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J Neuropathol Exp Neurol. 2009 Jan;68(1):37-47. doi: 10.1097/NEN.0b013e3181919cb5.

Nuclear TAR DNA binding protein 43 expression in spinal cord neurons correlates with the clinical course in amyotrophic lateral sclerosis.

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  • 1Department of Neurology, Osaka University Graduate School of Medicine, Yamadaoka, Suita, Japan. hasumi@neurol.med.osaka-u.ac.jp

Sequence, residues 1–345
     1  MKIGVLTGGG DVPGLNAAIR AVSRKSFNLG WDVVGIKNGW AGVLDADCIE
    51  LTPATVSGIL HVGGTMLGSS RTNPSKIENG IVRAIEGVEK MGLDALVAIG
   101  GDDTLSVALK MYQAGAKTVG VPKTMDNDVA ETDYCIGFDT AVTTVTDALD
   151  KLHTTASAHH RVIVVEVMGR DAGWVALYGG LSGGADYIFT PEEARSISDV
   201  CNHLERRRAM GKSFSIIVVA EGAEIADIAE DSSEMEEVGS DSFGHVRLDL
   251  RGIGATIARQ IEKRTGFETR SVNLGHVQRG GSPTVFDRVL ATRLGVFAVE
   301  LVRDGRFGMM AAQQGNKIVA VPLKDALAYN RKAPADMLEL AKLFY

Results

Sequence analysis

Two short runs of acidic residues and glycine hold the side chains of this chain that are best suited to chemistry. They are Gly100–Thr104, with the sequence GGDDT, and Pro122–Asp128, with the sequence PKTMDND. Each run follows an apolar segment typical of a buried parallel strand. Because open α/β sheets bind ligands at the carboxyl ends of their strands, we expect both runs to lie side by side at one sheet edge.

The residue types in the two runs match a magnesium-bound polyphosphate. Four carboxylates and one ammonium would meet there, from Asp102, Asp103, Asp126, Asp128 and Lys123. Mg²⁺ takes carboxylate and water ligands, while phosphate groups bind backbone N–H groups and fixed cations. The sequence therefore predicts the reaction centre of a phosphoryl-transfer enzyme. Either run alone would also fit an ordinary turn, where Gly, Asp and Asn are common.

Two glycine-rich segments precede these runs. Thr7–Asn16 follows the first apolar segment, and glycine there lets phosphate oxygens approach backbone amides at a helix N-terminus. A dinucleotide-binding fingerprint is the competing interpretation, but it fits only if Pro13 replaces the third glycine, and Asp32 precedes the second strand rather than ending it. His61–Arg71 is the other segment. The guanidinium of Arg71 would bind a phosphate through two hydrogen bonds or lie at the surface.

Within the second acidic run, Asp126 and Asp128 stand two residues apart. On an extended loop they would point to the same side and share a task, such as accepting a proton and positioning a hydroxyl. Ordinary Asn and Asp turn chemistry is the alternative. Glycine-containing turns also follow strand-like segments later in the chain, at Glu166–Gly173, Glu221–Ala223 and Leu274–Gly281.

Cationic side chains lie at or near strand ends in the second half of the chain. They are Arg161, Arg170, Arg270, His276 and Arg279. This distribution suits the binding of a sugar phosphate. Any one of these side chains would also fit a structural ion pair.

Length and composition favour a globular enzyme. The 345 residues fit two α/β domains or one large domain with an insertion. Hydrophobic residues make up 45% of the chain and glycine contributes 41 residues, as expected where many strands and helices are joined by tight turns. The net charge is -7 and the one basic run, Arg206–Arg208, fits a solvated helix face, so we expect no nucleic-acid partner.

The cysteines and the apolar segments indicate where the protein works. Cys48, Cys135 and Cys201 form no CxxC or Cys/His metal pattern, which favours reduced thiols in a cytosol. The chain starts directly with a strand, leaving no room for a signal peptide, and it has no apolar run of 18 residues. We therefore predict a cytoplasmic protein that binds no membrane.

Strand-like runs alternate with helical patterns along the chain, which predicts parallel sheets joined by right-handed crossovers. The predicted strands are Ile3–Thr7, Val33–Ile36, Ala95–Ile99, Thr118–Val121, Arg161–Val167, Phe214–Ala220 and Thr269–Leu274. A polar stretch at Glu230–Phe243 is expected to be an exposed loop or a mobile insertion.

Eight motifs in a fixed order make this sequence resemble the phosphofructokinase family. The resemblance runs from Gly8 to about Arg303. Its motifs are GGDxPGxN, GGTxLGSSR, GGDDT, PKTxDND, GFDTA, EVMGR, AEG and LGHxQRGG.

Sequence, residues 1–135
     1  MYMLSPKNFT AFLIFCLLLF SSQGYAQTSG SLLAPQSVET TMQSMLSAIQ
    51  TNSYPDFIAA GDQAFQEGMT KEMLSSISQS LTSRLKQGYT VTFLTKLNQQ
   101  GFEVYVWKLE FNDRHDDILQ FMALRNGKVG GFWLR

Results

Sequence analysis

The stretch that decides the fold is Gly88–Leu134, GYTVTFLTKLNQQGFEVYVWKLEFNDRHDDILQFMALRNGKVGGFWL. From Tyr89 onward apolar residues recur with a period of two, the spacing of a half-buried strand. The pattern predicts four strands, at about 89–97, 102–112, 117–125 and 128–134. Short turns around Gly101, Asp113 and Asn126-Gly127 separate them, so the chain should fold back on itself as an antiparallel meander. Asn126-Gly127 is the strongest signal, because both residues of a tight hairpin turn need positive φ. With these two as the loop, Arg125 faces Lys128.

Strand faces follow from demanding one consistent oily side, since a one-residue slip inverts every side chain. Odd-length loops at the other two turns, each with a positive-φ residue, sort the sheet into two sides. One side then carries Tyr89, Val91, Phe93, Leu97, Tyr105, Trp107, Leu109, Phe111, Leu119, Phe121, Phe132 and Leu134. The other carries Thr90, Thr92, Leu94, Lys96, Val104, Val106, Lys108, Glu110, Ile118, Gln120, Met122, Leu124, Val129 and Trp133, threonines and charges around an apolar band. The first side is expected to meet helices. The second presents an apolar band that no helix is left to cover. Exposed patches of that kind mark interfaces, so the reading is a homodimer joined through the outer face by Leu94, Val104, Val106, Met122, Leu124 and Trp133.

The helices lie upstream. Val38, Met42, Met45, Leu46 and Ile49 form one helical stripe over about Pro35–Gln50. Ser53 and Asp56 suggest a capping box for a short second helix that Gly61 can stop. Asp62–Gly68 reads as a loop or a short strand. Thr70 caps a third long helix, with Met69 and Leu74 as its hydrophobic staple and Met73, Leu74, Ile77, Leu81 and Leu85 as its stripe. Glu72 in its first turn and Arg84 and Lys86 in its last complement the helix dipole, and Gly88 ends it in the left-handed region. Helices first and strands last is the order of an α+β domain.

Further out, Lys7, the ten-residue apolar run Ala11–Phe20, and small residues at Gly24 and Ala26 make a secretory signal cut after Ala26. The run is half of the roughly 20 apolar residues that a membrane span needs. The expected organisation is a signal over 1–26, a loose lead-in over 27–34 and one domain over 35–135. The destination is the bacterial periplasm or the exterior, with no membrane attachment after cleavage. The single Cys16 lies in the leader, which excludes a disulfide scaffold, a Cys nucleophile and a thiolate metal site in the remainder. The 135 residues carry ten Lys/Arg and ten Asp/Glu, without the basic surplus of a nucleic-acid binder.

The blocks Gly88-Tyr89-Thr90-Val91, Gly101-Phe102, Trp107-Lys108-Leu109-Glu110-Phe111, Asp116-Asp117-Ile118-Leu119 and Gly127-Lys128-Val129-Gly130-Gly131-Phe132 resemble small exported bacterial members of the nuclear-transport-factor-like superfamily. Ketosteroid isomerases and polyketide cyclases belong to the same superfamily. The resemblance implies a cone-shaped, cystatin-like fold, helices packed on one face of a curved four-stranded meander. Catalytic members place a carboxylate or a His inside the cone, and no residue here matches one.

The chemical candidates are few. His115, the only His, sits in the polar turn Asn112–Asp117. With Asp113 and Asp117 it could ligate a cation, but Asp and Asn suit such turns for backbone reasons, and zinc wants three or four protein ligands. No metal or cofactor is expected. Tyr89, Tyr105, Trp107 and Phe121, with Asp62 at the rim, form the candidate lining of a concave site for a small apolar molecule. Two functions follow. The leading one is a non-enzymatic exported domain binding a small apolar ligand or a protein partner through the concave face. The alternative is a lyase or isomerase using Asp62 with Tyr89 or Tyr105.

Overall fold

TAR DNA binding protein 43 (TDP-43) has been considered a signature protein in frontotemporal dementia and amyotrophic lateral sclerosis (ALS), but not in ALS associated with the superoxide dismutase 1 (SOD1) gene mutations (ALS1). To clarify how TDP may be involved in ALS pathogenesis, clinical and pathological features in cases of sporadic ALS ([SALS] n = 18) and ALS1 (n = 6) were analyzed. In SALS patients with rapid clinical courses, TDP mislocalization (i.e. cytoplasmic staining and TDP-positive cytoplasmic inclusions) in anterior horn cells was frequent. In SALS patients with slow clinical courses, TDP-43 mislocalization was rare. In an ALS1 patient with the SOD1 gene mutation C111Y, there were numerous TDP-positive inclusions and colocalization of SOD1 and TDP. In mutant SOD1 transgenic (G93A) mice at the end stage (median, 256 days), TDP-positive inclusions and TDP colocalization with SOD1 were also observed; nuclear TDP-43 immunoreactivity was highly correlated with life span in these mice. In both humans and mice, nuclei that stained strongly for TDP were large and circular; weakly stained nuclei were atrophic or deformed. In conclusion, low levels of TDP expression in the nucleus cor relate with a rapid clinical course in SALS and in ALS1 model mice, suggesting that nuclear TDP may play a protective role against motor neuron death resulting from different underlying etiologies.

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